Big Brother? He is us


I don’t like the idea of “Big Brother” monitoring our day-to-day activities any more than anyone else, but the presence during the Festival of the Bells of the “SkyWatch” mobile surveillance tower didn’t bother me. In fact, I thought it was a good thing, given that it was here for special event use only.

Hillsboro Police Chief Todd Whited arranged for the tower months ago through coordination with Ohio’s Department of Homeland Security. It was provided free of charge to the city. In this day and age, can you have too much careful surveillance of big crowds in public places?

During the festival, thousands of people gather each year in downtown Hillsboro, many of them from outside the area. The ability of SkyWatch to provide a 360-degree view of thousands of people congregated in the four-block area gave law enforcement some extra sets of eyes from an elevated vantage point, and augmented the usual uniformed police presence on the ground.

But a few people were upset, and our story on it, after it was posted on Facebook, drew some derogatory comments among the general expressions of support. (And as often happens, the back-and-forth on Facebook quickly devolved into a completely unrelated debate, this time over the merits of concealed carry.)

SkyWatch would not be welcome as a permanent fixture, and some places around the country where it was installed long-term have seen it removed after complaints were received. But for big sporting or concert events in metropolitan areas, or even small-town weekend fairs or festivals, what’s the problem?

Complaints about electronic or video monitoring of the general population are increasingly incongruous coming from a society that voluntarily wires itself for easy tracking and surveillance, or announces its movements across a variety of Internet platforms.

Virtually everyone who carries a cell phone is equipping themselves with a device that lets their movements be tracked, not only by law enforcement but by anyone else with access to the rather simple and available means of tapping into a cell phone signal.

On social media, millions of Americans willingly share photographs, details and time stamps of their whereabouts with hundreds of “friends” and potentially millions of complete strangers. Many seem not to realize or care that the information they are providing is catnip to those with a criminal bent.

“We’re on vacation!”

“I’m shopping in Eastgate today.”

“Not looking forward to my dentist appointment tomorrow afternoon.”

“Going to the movies Friday night with my friends from high school I haven’t seen in 10 years. So excited!”

I’m also always amazed at the previously personal and private bits of information people share on social media, often complete with photographs or video.

“Can anyone tell me what this rash might be?”

“The divorce was tough, but anxious to start my new life in my new house. Here are some pics of me and my daughters getting settled in!”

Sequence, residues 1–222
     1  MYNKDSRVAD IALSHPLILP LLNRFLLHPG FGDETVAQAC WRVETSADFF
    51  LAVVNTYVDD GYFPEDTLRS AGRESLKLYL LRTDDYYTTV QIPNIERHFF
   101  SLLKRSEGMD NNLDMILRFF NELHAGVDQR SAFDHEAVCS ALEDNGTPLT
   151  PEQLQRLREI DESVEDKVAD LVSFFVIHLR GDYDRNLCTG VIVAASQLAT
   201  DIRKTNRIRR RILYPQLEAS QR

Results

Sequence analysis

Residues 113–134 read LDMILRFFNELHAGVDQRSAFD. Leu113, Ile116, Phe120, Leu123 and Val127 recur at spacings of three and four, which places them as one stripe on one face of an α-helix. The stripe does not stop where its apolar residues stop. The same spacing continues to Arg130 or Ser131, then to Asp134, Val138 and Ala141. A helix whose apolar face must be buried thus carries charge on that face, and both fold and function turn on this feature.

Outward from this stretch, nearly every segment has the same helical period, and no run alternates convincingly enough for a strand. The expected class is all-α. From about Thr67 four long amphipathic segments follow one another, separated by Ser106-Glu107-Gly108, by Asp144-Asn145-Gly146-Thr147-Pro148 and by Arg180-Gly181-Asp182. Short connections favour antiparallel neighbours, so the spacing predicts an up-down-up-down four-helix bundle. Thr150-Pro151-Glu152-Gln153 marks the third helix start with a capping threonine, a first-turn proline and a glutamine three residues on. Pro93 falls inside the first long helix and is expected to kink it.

“Got pulled over for DUI on Tuesday. Anyone know a good lawyer?”

Most people today casually and publicly reveal more information about themselves in the course of an average day than any law enforcement agency would dream of asking a judge to issue a warrant for in years past. No need for wiretaps or tracking devices when we save them the trouble and track and wiretap ourselves, with our cell phones, our Internet logins, our instant messages, our emails and our social media posts.

In this day and age, the best policy is to assume we are under surveillance the minute we walk out our door every day, aside from our own voluntary monitoring even behind closed doors. Whether it’s security cameras, the proliferation of small drones equipped with cameras, or someone across the street with a smart phone shooting pictures or video, no one can expect to be invisible anymore.

George Orwell’s futuristic society has arrived, but not due to any mandate from an authoritarian police state. No, the general population has not only welcomed Big Brother, we created him first, and then built a spare bedroom for him.

So the fact that there were people upset about a rather rudimentary hydraulic tower with some cameras on it, located in plain view in downtown Hillsboro for one special event, is difficult to comprehend. Anyone inclined to worry about such things has so much more along those same lines to be concerned about, since so many of us broadcast our actions almost minute by minute, and there’s no warrant necessary for what we willingly and publicly give away.

I asked Chief Whited on Monday if he was happy with the surveillance tower. He said he was, and thankfully there were no major problems during the festival. He agreed that its presence alone helped serve as a deterrent, and its ability to monitor the uptown area 24 hours a day was another bonus.

SkyWatch is gone now from our fair city, having served its purpose. So for those who were skittish about the eyes in the sky, it’s safe to go outside again – except for everyone else who is watching, recording, storing and sharing in multiple ways, in a society where privacy is but a fond memory.

Reach Gary Abernathy at 937-393-3456 or on Twitter @abernathygary.

By Gary Abernathy

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